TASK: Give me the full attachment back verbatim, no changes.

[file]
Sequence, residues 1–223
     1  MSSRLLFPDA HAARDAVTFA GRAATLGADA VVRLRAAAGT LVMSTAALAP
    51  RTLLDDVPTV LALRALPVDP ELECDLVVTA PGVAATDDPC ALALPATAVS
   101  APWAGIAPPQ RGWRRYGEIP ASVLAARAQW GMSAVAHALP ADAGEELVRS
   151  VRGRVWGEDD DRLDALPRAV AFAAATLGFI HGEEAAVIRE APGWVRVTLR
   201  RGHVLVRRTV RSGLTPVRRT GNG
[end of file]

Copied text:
Sequence, residues 1–223
     1  MSSRLLFPDA HAARDAVTFA GRAATLGADA VVRLRAAAGT LVMSTAALAP
    51  RTLLDDVPTV LALRALPVDP ELECDLVVTA PGVAATDDPC ALALPATAVS
   101  APWAGIAPPQ RGWRRYGEIP ASVLAARAQW GMSAVAHALP ADAGEELVRS
   151  VRGRVWGEDD DRLDALPRAV AFAAATLGFI HGEEAAVIRE APGWVRVTLR
   201  RGHVLVRRTV RSGLTPVRRT GNG